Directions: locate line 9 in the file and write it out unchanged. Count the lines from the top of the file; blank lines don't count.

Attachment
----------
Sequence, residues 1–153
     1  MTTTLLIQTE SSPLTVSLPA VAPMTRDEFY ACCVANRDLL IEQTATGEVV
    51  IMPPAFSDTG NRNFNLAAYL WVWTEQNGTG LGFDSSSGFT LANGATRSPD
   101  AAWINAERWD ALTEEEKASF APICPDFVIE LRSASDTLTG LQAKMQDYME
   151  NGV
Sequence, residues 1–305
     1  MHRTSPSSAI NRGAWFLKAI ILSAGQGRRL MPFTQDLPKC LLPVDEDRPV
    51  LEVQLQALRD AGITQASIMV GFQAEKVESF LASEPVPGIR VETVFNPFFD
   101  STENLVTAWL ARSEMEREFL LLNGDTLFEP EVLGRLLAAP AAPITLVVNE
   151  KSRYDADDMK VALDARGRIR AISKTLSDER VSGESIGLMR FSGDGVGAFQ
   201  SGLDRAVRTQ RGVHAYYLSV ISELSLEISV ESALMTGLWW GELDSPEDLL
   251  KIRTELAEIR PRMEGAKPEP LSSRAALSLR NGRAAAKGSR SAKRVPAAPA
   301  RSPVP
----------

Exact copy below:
   101  STENLVTAWL ARSEMEREFL LLNGDTLFEP EVLGRLLAAP AAPITLVVNE